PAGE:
Your ordinary run-of-the-mill bar is a bit different however. If you’re just stopping by a bar that has no wait service, and you’re just walking up to the bar to order a Singha to enjoy with a stunning sunset view, then you are not culturally obligated to leave a tip. However, if you are planning on staying at the bar for several hours and you´re not necessarily certain how long you will be there, then I would recommend tipping a hefty tip on the first drink. This will cover you for the rest of the night.

However, if your drinks are 55 THB and you want to leave the extra 5 THB, then that is never a bad idea. Bartenders work long hours late into the night, and many bartenders also have day jobs, so leaving a tip for them can help show them how much you appreciate their service—and it might help you to avoid long waits when the bar gets busier.

Some high-end sky bars will already include a service fee, so always check the bill when you receive it if you´re at a swanky location. If not, then dropping a 100 THB bill can ensure unnecessary faux pas in finer establishments.


Taxis are another deal entirely when it comes to tipping in Thailand. It really depends on what type of taxi you are riding. There are many ways to get around, and they all have their own benefits and downsides.

– Traditional Taxicabs –

If you’re riding a taxicab like those in Bangkok, then you will most likely be paying a flat fare. These taxi drivers will charge you rates of 150 THB – 200 THB to go only a short distance. You certainly do not need to tip these taxi drivers.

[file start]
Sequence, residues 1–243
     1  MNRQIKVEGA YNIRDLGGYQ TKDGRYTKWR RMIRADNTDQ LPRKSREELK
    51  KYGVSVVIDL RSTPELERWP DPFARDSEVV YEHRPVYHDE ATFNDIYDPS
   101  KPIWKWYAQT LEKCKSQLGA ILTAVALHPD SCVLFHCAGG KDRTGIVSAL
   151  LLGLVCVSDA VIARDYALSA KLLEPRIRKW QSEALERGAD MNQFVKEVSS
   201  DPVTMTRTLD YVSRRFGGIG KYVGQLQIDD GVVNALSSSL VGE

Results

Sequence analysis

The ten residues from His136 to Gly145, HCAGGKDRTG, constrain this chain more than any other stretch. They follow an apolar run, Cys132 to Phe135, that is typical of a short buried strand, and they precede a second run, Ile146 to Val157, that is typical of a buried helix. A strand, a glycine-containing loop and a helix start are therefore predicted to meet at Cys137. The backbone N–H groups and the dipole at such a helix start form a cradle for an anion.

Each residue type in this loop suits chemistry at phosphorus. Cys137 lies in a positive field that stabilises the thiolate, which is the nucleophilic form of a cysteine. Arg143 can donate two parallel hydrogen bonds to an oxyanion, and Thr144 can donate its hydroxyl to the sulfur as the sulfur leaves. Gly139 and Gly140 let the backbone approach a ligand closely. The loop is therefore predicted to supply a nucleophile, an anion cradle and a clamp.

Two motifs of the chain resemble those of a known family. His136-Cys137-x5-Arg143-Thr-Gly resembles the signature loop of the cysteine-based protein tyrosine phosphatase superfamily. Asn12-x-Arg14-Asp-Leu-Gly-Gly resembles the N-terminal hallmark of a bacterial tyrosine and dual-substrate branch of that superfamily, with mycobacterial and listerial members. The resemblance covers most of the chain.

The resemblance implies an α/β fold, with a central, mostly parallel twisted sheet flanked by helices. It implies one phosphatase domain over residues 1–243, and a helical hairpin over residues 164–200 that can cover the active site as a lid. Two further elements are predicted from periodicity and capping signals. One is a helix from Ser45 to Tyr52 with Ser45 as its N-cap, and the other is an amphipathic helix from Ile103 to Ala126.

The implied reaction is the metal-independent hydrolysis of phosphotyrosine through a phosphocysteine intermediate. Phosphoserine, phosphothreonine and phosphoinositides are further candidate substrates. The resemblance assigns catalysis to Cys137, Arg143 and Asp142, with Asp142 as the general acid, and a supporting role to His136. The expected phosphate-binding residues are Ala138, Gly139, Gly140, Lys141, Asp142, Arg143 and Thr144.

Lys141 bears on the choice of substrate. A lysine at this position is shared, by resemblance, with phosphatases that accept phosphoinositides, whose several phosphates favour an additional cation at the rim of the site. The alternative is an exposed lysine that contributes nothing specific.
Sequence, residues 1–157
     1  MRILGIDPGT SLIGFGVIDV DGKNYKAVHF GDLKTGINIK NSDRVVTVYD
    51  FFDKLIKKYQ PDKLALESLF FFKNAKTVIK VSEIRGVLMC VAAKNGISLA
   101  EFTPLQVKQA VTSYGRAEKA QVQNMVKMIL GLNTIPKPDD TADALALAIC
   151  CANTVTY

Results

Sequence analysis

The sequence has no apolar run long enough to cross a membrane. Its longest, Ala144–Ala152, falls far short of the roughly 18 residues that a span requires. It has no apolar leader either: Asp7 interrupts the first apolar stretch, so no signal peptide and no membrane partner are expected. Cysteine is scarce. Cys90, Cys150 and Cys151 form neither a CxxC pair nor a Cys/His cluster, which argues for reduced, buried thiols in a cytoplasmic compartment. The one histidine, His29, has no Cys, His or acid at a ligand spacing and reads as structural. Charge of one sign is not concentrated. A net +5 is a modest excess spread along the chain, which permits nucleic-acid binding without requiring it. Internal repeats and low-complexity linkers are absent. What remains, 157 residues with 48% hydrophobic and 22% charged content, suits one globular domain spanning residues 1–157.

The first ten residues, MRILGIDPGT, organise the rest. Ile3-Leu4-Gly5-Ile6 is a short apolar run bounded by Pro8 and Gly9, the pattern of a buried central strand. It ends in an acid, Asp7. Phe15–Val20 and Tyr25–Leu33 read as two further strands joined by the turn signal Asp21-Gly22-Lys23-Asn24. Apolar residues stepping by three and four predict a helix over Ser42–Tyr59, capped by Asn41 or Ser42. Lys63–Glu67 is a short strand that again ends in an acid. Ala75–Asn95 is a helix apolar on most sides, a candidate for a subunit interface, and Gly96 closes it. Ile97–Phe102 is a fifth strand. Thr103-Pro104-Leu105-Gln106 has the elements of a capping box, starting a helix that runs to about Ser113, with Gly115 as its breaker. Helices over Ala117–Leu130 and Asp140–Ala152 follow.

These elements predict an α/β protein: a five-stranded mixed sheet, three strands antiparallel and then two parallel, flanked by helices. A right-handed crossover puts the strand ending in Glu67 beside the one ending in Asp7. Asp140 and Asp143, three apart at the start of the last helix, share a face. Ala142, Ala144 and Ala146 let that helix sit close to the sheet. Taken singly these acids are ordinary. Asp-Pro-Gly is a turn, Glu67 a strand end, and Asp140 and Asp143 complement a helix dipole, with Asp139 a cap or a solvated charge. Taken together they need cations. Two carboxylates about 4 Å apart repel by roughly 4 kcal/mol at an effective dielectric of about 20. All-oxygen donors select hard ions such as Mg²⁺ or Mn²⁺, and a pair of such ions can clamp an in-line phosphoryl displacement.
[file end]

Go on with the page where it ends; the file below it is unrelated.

– Meter Taxicabs –

If you are fortunate enough to find a taxicab driver in a major Thai city like Bangkok who gives you a ride using the meter—which is a feat in itself because you will have to ask several taxicab drivers—then you certainly should tip these individuals. Especially for Westerners, taxicab drivers who are willing to give you a lift on the meter are becoming more rare with every year. They deserve a tip because they just saved you 100 THB.

– Tuk Tuk Rickshaws –

Similarly, when riding in a Tuk Tuk, you do not have to tip the Tuk Tuk driver. They are often charging you even more than a taxicab driver. You are likely riding in a Tuk Tuk for the experience—as well as their convenience. Tuk Tuk drivers will often get a commission for taking you to a certain restaurant, shop, or bar—and they are infamous for their scams. Also, be sure to negotiate the price beforehand. If not, you may find yourself paying an exorbitant fee afterwards.

– Songthaews/Rot Si Daeng –

These taxis are more common in rural areas and the north of Thailand—though they are found throughout Thailand and Laos. In Chiang Mai, they are often just called “si rot” or “rot daeng”. These open-air taxis are one of the most economical ways to get around cities, or even between towns in rural areas. These taxis can be spotted by their distinctive open-air cabins with two benches where their passengers sit. These taxis will hardly ever take you directly to your destination, instead you should pinpoint a location near you—a shopping center, or famous street for example—and they will take you there for a very minimal fee.